But it makes me a little nervous, because while Bell is uniquely qualified for developing special jurisdictions and is specialized in creating special economic zones (SEZs) with approval of nation-states, this is much different than creating an actual alternative to the state. The entire vision of the SeaSteading project was autonomy for all, not special favor bestowed by the local crown. I don’t want to be too judgmental. But something that the Seasteaders need to come to grips with is the same as any group with power and capital: what’s in it for the common person? Is it for everyone, or is it just for the ultra-wealthy? As far as I can tell, SeaSteading as it is currently shaping up appears to be an innovative extension of the private Yacht industry. I hope I’m wrong. But, it continue to amazes me how crypto and private governance projects driven entirely by personal gain and not any sense of public good consistently terminate into powerplays,  efforts to monopolize, and fail – that is, they consistently invoke the spirit of the state once again. We often forget that decentralized power means at some point, some people will have to voluntarily give up power.

Anyway, this website contrasts Ulex – a consolidation of extant legal systems generally used for SEZs (as summarized in Bell) – in many ways to draw some of these distinctions for how CCL (amidst others) is different. I won’t copy and paste that material here; just browse around the site and see for yourself.

In the meantime, be sure to check out Algorithmic Governance: Politics and Law in the Post-Human Era if you’re interested in any of these subject. The book has been added to some of our recommended reading.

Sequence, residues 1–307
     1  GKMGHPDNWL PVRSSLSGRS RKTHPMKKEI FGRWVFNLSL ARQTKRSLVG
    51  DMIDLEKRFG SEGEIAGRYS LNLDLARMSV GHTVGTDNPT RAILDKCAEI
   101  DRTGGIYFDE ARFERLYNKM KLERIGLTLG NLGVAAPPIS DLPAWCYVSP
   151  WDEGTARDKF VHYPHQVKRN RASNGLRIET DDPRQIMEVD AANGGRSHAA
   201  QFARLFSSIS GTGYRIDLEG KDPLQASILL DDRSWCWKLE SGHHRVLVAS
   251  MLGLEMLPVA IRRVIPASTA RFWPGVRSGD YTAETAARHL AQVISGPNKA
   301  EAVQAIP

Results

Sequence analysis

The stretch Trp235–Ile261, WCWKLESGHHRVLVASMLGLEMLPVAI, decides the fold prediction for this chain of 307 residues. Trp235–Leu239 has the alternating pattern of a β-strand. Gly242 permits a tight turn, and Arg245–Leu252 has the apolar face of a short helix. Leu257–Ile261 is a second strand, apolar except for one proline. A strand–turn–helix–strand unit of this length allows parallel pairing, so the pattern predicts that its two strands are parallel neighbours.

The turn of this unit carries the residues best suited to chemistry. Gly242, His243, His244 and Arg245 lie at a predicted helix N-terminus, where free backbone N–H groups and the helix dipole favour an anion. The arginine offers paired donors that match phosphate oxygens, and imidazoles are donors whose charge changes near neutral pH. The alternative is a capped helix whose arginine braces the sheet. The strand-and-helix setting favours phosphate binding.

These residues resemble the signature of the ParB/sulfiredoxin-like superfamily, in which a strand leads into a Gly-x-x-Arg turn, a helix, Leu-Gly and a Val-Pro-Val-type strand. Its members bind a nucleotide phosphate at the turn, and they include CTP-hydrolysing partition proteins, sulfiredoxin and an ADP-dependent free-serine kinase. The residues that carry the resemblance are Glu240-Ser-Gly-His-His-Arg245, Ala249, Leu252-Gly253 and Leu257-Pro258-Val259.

On CCL

Current development on CCL has slowed largely because we’re looking at how to publish a book form of v 1.0 and what content to include. It seems that a significant amount of background material and history would be helpful to historically situate the many real possibilities of bigger and better private governance. However, that means extra time for research, writing, etc.

In the meantime, version .97 will soon be released with lots of little changes. We continue to welcome public input through comments, with hopefully more periodic responses in the future.

The project also has not received many voluntary contributions to make everything come together, which is partly expected for something so new and unique, and also for a time where everyone has already put away their cash into crypto or other investments for longer returns. (Everyone is over-leveraged right now!) Nevertheless, this kind of work works better with funds. If you feel led to donate, it would certainly help development; we aren’t promising a 100x return on…anything; we only promise that donations won’t be wasted and are directed directly into the Project’s biggest needs.